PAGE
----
Thursday, September 16
1pm EDT / 7pm CET
What are volatile particles? How can we measure and feel them? And why do we experience a fragrant forest as a consequence of climate heating?
In their 3D installation Atmospheric Forest, which is on show in the Critical Zones exhibition, artists Rasa Smite and Raitis Smits focus on the phenomenon of volatile emissions from trees and their visualization. In the course of Rasa Smite’s collaboration with the Swiss Federal Institute of Forest Snow and Landscape Research (WSL), she learned that under the regime of climate change, certain trees not only transform CO2 into oxygen, they also emit various gases into the atmosphere: forests breathe. Taking this artwork by Rasa Smite as its point of departure, this issue of Terrestrial University engages with in-depth scientific and artistic research on fragrant forests, taking the Pfynwald pine forest in the Swiss Alps as a case study. This 10,000-year-old forest in the Valais, southwestern Switzerland, is unique: its state of crisis has been caused by the local aluminum industry and by drought exacerbated by climate change over the past 100 years. As one of the first long-term outdoor laboratories, the Pfynwald forest has been closely monitored for more than 20 years.
The project partners talk about tools, methods, and the scale of fragrant forests affecting climate change together with the question of how art can translate the invisible and alarming interactions between the forest and atmospheric ecosystems into an experienceable environment confronting people with the imperative necessity of system change.
Atmospheric Forest is part of the Ecodata–Ecomedia–Ecoaesthetics research project (2017–2021), which is carried out by Yvonne Volkart (lead), Marcus Maeder, Rasa Smite, and Aline Veillat in collaboration with Arthur Gessler, Christian Ginzler, Andreas Rigling, Swiss Federal Institute for Forest, Snow and Landscape Research (WSL), and Kaisa Rissanen, University of Helsinki and funded by the Swiss National Science Foundation and hosted by the Academy of Art and Design (FHNW) Basel.
Participants of this discussion will include:
Rasa Smite, artist (Ecodata project artist-researcher) –
Yvonne Volkart, theorist and researcher (Ecodata-Ecomedia-Ecoaesthetics, we often use for short – Ecodata, project leader) –
Arthur Gessler, scientist (researcher on forest ecosystems) –
Kaisa Risannen, scientist (researcher on volatile emissions) –
Rasa Smite is an artist and researcher, working on the edge of art, science and emerging technologies. She is co-founder of RIXC Center for New Media Culture in Riga, and co-curator of RIXC Art and Science festivals. She holds a PhD; her thesis “Creative Networks” (2011) has been published by the The Amsterdam Institute for Network Cultures. In her artistic practice, Rasa Smite works together with Raitis Smits creating visionary and networked ‘techno-ecological’ artworks, such as “Talk to Me” – human-plant communication, “Biotricity” on poetics of green energy, and “Atmospheric Forest” visualizing the interactions between the forest and atmospheric ecosystems, which have been shown in ZKM, HeK, Ars Electronica, Venice Architecture Biennale, Futurium Museum in Berlin, and other venues in Europe, US, Canada. Currently she is a professor in Liepaja University, Latvia, and visiting lecturer at ACT at MIT in Boston.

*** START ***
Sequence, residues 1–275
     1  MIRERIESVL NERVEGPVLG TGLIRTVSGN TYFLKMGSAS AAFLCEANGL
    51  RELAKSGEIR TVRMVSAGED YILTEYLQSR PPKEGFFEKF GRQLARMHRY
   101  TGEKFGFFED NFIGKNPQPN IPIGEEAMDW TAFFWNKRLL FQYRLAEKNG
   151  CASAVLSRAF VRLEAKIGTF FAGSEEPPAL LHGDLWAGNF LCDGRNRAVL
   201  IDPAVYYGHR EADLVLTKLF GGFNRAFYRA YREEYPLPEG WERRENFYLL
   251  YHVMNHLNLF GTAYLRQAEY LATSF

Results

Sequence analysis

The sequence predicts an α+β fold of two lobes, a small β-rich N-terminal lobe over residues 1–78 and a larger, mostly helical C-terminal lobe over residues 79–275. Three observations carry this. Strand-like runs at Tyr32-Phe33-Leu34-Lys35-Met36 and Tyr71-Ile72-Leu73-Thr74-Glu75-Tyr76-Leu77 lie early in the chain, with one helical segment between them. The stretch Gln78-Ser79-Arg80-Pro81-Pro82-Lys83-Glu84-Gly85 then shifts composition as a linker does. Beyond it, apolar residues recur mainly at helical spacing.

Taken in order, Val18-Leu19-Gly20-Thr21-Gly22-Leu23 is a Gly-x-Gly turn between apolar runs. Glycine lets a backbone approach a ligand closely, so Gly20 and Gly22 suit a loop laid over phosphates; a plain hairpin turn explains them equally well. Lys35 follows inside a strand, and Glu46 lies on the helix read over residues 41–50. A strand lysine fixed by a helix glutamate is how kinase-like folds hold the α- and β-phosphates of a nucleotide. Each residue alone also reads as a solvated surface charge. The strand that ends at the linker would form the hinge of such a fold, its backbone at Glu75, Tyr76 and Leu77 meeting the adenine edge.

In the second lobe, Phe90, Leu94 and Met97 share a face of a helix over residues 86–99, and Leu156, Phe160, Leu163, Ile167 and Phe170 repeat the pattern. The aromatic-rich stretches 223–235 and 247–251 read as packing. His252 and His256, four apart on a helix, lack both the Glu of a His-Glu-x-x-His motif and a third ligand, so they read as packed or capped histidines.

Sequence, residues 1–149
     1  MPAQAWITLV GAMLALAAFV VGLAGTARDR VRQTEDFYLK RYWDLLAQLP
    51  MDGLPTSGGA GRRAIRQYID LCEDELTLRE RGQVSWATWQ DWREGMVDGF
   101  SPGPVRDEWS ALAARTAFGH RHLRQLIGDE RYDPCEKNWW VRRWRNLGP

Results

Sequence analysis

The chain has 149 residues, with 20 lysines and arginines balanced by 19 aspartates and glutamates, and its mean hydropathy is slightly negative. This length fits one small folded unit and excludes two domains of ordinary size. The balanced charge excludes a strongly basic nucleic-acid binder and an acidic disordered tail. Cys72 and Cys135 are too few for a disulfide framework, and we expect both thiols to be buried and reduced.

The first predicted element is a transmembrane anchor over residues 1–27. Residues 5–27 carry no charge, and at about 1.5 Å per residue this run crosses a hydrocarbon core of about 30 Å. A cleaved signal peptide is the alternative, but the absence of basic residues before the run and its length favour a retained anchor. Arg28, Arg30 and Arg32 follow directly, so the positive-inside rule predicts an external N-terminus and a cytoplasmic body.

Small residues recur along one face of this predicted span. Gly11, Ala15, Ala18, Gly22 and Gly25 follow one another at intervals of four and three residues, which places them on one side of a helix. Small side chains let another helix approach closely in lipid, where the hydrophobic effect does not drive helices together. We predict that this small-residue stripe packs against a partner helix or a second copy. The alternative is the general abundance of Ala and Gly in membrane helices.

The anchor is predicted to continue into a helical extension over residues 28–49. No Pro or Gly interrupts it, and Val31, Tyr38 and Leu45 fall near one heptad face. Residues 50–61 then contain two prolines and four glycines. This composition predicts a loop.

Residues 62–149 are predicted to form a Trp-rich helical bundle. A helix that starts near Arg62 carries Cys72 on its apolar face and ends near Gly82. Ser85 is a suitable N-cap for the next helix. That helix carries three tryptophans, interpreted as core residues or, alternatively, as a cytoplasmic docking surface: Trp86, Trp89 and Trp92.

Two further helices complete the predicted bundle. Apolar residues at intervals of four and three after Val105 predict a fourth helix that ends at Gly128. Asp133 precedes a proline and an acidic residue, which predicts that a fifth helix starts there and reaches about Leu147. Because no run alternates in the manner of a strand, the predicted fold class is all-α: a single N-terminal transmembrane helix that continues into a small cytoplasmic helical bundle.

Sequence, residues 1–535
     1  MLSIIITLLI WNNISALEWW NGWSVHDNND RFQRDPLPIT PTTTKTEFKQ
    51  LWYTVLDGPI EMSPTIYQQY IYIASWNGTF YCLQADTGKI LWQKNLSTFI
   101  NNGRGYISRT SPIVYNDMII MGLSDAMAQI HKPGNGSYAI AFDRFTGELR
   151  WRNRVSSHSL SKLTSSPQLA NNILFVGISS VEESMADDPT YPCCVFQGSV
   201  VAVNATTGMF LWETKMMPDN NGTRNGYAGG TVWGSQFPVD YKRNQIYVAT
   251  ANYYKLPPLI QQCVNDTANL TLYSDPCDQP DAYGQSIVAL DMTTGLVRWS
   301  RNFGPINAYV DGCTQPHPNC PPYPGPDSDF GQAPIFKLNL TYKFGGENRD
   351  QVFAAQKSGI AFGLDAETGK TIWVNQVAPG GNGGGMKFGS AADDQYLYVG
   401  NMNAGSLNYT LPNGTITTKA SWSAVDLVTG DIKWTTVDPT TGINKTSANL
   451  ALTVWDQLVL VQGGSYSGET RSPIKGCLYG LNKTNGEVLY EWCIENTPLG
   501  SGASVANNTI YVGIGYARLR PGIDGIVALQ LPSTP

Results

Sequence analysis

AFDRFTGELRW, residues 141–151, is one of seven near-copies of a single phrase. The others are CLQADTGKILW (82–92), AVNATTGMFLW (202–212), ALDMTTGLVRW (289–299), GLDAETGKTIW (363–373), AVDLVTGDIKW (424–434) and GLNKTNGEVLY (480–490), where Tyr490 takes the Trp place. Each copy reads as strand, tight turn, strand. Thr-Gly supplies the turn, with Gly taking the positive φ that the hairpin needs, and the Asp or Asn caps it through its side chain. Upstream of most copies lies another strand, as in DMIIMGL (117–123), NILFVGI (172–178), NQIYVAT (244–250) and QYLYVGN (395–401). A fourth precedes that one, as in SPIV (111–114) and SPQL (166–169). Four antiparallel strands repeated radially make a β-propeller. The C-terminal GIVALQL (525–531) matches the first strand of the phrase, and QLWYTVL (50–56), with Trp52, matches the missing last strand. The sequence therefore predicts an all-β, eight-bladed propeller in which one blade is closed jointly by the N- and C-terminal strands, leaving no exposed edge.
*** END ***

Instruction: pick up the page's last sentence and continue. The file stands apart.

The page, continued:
Yvonne Volkart was leading the Swiss National Science Foundation (SNSF) funded artistic research project “Ecodata-Ecomedia-Ecoaesthetics” (2017-2020), hosted by the Institute of Aesthetics Practice and Theory at HGK FHNW Basel, Switzerland. Dr. Yvonne Volkart lectures art and media theory at the Academy of Art and Design FHNW and the Zurich University of the Arts ZHdK. In collaboration with Sabine Himmelsbach (HeK, Basel) and Karin Ohlenschläger (LABoral, Gijon) she co-curated the exhibition and book project Eco-Visionaries. Art, Architecture and New Media After the Anthropocene Anthropocene (2018). She co-organized the conference seeds & soil at Centre Culturel Suisse Paris (with Claire Hoffmann, 2019). Completed SNF-research projects include: Times of Waste (2015–2018). From 2009 to 2012 Volkart was co-curator at the Shedhalle Zürich. She writes regularly for Springerin.
Prof. Dr. Arthur Gessler is Director of the Long-term Forest Ecosystem Research (LWF), and Group Leader Forest Growth at the Climate Swiss Federal Institute for Forest, Snow and Landscape Research WSL, Birmensdorf, Switzerland. His research is geared towards understanding the processes that drive and regulate biogeochemical cycles, biotic interactions and biodiversity-ecosystem functioning at different scales is of central importance to our work. Only with this understanding we can assess and predict shifts in the function of ecosystems and landscapes subjected to fundamental changes in the prevailing environmental conditions (i.e. climate and land use). He is also is Adjunct Professor ETH Zurich.
Kaisa Rissanen is a researcher with a background in forest sciences and ecosystem-atmosphere interactions. Her Ph.D. research focused on the interplay between tree physiology, tree defense and the emissions of volatile organic compounds (VOCs) from different parts of conifer trees. As a part of this research, she collaborated with the Swiss Federal Institute for Forest, Snow and Landscape research (WSL). Currently she is a post-doctoral researcher at Université du Québec à Montréal in Canada. Her broader interests are related to tree physiology: how trees work, how their environment affects their functions and how their functions affect their environment.
Atmospheric Forest is currently on view in the Critical Zones exhibition curated by Bruno Latour and Peter Weibel